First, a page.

AGRICULTURAL landowners will almost invariably have utility company-owned apparatus running somewhere across their property – whether this is electricity lines, water pipes or gas pipes.

Utility companies will, at times, need to access such infrastructure to carry out repairs, replacements or upgrades, but as Jacqueline Barr agricultural expert at Pearsons & Ward in Malton explains, farmers should ensure their rights are protected before they enter into any access agreement.

Utility companies usually have statutory powers of entry onto land under legislation such as the Water Industries Act 1991, Electricity Act 1989 or Gas Act 1986, but exercising these powers can be expensive and time-consuming, and most companies generally prefer to reach a negotiated agreement with the landowner instead.

The two main access agreements for this type of situation are through the use of a wayleave or an easement.

A wayleave involves a utility company making annual payments to a landowner in return for the right to enter private land to install and maintain their infrastructure equipment. A wayleave is usually a temporary arrangement and does not automatically transfer to a new owner or occupier.

An easement (also known as a deed of grant) allows for similar rights of access to repair, replace or install infrastructure equipment, but involves the utility company making a one-off payment for permanent access. The easement can be registered at the Land Registry to ensure future owners of the land are bound by it.

Landowners can request that an annually paid wayleave be replaced with a one-off payment through an easement, but not the reverse.

The works that utility companies need to carry out on a farmer’s land may sometimes be quick and relatively straightforward – for example, if they need to make adjustments to a pylon in a disused area of the land.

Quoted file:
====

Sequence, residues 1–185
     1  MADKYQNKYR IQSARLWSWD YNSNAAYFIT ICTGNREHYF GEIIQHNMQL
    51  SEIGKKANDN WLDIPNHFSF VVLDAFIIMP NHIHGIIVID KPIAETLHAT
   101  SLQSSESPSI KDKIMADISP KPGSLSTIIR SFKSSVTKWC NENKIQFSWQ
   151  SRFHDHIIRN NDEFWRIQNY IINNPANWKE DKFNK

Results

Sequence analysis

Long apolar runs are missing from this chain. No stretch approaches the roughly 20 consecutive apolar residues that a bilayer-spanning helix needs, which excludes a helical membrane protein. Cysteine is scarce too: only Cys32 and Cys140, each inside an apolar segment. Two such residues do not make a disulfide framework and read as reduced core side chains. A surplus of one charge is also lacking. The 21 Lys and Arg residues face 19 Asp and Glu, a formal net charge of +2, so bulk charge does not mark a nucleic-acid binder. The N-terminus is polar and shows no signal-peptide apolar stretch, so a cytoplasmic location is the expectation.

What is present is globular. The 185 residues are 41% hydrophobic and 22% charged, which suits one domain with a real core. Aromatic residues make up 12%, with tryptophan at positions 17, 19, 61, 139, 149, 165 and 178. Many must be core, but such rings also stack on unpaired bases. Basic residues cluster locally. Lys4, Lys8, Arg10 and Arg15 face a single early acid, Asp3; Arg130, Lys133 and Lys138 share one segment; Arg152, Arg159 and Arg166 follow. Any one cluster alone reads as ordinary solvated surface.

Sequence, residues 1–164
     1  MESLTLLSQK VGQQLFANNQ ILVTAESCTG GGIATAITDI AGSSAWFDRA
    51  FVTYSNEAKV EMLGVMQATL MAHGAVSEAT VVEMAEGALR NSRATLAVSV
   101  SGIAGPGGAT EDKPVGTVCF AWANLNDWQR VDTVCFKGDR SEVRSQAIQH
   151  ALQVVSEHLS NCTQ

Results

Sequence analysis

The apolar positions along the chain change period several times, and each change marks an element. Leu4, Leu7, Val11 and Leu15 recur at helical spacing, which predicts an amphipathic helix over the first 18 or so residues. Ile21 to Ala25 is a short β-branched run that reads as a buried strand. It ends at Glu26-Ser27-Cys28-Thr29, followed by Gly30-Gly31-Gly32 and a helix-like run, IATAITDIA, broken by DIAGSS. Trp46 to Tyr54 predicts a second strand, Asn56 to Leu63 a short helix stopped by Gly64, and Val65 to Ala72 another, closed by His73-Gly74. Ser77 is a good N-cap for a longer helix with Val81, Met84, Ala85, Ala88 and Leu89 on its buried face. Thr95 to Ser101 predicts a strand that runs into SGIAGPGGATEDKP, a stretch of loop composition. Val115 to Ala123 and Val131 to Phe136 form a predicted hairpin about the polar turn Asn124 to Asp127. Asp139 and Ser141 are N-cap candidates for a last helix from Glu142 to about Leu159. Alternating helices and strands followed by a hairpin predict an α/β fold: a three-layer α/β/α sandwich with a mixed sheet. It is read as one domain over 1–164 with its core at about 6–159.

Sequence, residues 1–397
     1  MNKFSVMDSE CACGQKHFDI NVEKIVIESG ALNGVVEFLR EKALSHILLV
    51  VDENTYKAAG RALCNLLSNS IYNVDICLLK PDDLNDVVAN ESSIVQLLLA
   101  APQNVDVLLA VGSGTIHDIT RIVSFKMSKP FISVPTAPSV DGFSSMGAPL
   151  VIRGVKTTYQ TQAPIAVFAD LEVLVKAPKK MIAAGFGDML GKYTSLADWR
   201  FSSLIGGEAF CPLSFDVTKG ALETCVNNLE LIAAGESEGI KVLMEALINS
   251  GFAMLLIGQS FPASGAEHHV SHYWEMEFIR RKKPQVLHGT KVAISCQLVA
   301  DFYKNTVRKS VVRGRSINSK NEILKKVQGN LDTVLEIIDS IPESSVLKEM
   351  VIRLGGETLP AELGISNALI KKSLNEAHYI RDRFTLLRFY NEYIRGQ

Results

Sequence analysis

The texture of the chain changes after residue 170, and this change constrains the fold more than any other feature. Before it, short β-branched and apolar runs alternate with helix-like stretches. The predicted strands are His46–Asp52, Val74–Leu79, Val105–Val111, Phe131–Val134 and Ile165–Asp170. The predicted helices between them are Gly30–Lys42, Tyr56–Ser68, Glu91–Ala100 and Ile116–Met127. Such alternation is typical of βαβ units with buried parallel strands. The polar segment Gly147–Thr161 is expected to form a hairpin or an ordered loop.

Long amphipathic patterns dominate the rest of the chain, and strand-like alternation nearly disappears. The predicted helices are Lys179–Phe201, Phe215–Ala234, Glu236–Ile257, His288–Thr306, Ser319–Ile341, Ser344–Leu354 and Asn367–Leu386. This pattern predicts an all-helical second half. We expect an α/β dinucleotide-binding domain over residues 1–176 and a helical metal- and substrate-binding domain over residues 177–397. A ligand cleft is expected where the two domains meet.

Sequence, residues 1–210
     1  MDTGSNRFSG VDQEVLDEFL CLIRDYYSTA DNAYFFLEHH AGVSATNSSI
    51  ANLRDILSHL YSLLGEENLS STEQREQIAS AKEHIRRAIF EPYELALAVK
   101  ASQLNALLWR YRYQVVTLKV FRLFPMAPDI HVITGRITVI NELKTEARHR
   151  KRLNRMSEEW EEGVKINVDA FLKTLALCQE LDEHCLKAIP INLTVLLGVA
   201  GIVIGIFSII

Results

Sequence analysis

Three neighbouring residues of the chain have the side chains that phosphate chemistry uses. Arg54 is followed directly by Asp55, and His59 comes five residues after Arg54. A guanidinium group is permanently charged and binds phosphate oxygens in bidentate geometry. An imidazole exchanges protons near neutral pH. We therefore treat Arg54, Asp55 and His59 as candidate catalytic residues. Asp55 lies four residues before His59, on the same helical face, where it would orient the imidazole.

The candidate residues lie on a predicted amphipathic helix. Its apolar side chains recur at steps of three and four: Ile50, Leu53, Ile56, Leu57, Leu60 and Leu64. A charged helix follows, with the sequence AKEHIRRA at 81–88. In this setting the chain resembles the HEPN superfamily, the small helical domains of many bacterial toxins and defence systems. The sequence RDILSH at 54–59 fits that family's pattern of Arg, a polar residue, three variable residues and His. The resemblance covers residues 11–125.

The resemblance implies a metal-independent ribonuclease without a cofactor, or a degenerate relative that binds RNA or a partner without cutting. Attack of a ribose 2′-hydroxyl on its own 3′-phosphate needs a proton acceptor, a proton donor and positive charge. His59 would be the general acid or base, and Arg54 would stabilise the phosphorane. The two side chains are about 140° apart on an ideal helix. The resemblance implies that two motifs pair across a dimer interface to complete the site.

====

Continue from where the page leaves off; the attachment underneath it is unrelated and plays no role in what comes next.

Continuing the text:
Sometimes, however, major works are required which can be both highly disruptive and costly to the landowner. Such operations may need to take place over a much longer period of time, and affect access to the land or the use, or value, of the land itself.

It is imperative to take legal advice before any access agreement is reached and work allowed to go ahead.

How a solicitor can help

A specialist property law and agricultural lawyer can advise you of the options available to you and help you assess which one will work best for you.

They can draw up the agreement to ensure that your rights are protected and that you will be indemnified for any losses that you suffer as a result of the works.

This could include compensation for loss of the use or access to the land, crop loss any damage caused to the land by the work, or any working time you have lost as a result of the work taking place.

They can also ensure that the utility company will be responsible for reimbursing you for any professional advice you have had to pay for as a result of the work.

This could include legal fees, or for the services of a professional surveyor who you may need to engage to act on your behalf to assess the quantum of damages caused by the work and submit a claim for compensation.

For more information about this, phone Jacqueline Barr, head of agriculture at Pearsons & Ward in Malton, on 01653 692247 or email